When “A Quiet Place” came out three years ago, the film was an overwhelming success, earning strong box office numbers and mostly positive reviews.

Its sequel, out in theaters since May 28, is, well, a sequel. Once again, there is no real villain in “A Quiet Place Part II,” just more of the mysterious, deadly alien-like creatures who have taken over the earth and make up for their lack of sight with a keen sense of hearing. A human’s only hope for survival is staying quiet — very quiet.

That is still the case in “Part II” (warning: spoilers ahead). Newly widowed Evelyn Abbott (Emily Blunt), her two surviving adolescent children, and her newborn baby are still in survival mode, traveling barefoot across rural upstate New York after the loss of Evelyn’s husband Lee (John Krasinski of “The Office” fame, also the director of both films) and their young son.

Viewers may find the sequel’s timing ironic. “Part II” has arrived more than a year since we were first asked to save our physical lives (and those of others) by hunkering down at home, avoiding direct contact with other people, and covering half of our faces in public.

Director John Krasinski and Noah Jupe, left, on the set of Paramount Pictures' "A Quiet Place Part II." (Jonny Cournoyer/Paramount Pictures)

The Abbotts, it seems, were a couple years ahead of us.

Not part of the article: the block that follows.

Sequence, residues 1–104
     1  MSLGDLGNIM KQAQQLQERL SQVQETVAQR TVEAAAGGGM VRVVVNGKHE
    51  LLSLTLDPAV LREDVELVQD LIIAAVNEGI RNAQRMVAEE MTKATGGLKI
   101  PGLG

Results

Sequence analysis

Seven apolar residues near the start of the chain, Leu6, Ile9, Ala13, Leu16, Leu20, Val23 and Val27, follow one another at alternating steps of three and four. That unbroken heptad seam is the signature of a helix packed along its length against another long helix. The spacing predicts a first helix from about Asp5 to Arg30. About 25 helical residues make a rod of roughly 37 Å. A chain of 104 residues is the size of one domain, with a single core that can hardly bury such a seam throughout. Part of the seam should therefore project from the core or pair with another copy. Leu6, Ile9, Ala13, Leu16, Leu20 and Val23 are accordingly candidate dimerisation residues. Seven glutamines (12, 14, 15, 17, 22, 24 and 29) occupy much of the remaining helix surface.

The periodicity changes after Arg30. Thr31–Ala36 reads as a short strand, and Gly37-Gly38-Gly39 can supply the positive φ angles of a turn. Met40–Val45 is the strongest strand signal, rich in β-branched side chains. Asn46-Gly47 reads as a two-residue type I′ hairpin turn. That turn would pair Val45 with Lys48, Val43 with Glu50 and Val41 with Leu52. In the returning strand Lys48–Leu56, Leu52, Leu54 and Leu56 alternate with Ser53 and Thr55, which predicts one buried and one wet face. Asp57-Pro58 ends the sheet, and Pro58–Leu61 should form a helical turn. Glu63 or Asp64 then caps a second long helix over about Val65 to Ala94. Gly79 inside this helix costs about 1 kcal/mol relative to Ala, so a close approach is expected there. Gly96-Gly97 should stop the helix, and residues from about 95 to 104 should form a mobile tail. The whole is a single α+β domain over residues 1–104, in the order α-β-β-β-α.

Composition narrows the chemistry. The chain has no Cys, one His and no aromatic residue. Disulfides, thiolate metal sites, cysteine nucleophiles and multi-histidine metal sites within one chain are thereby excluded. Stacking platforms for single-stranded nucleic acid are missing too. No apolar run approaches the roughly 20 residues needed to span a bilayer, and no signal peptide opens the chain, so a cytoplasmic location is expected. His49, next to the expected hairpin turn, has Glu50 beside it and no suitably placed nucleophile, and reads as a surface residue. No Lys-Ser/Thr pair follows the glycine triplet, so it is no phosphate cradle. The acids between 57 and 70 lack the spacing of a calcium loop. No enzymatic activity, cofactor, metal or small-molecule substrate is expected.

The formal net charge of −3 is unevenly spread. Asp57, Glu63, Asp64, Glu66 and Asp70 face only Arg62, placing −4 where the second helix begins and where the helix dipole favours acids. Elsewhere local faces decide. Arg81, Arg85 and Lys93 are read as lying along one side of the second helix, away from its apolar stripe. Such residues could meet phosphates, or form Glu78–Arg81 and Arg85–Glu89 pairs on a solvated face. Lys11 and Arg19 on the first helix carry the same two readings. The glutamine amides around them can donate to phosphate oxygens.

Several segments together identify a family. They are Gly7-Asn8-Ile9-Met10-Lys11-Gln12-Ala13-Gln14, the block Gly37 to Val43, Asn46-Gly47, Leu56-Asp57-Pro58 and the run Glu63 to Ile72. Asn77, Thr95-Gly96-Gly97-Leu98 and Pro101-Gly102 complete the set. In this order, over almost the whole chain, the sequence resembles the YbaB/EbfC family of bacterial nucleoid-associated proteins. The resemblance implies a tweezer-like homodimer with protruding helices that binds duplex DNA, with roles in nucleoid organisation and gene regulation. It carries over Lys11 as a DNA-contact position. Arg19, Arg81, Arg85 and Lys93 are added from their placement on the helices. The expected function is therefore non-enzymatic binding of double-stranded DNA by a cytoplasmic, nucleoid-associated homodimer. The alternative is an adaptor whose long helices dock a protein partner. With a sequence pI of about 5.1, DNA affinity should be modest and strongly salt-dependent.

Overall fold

Now, with COVID-19 numbers falling and vaccination rates climbing, theaters are looking to get people back together again, off their couches and into cinemas. “A Quiet Place” has been enlisted in that effort, with billboards around Los Angeles quoting a critic’s high praise: “This is the experience theaters were made for.” 

It is hard to argue with that. While it struggles to maintain the novelty and brisk pace of the original, “Part II” still finds ways to thrill, using bursts of noise and silence to dramatic effect throughout, as if someone in the projector room were playing with the mute button. 

The film starts with a flashback to the day the aliens first arrived in their corner of upstate New York, interrupting their idyllic small town’s Little League tournament — and claiming some lives in the process. 

More than a year later, the family is still on the run. After an accidental breach of the silent code, the Abbotts are saved by a familiar face from the flashback: family friend Emmett (Cillian Murphy), who, coincidentally or not, is wearing a face covering when we first meet him at the abandoned steel mill he now calls home.

Evelyn’s first words to Emmett feel pandemic-appropriate: “Show me your face,” she demands, while he pleads with her to get lost.

But Emmett, who has also lost family to the blind invaders, has a conversion moment and reluctantly joins the Abbotts’ deaf daughter Regan (Millicent Simmonds) on a quest to track down the source of a mysterious radio broadcast. Meanwhile, Evelyn and her wounded son Marcus (Noah Jupe) struggle to remain undetected back at the steel mill. 

Regan (Millicent Simmonds) and Emmett (Cillian Murphy) brave the unknown in "A Quiet Place Part II." (Jonny Cournoyer/Paramount Pictures)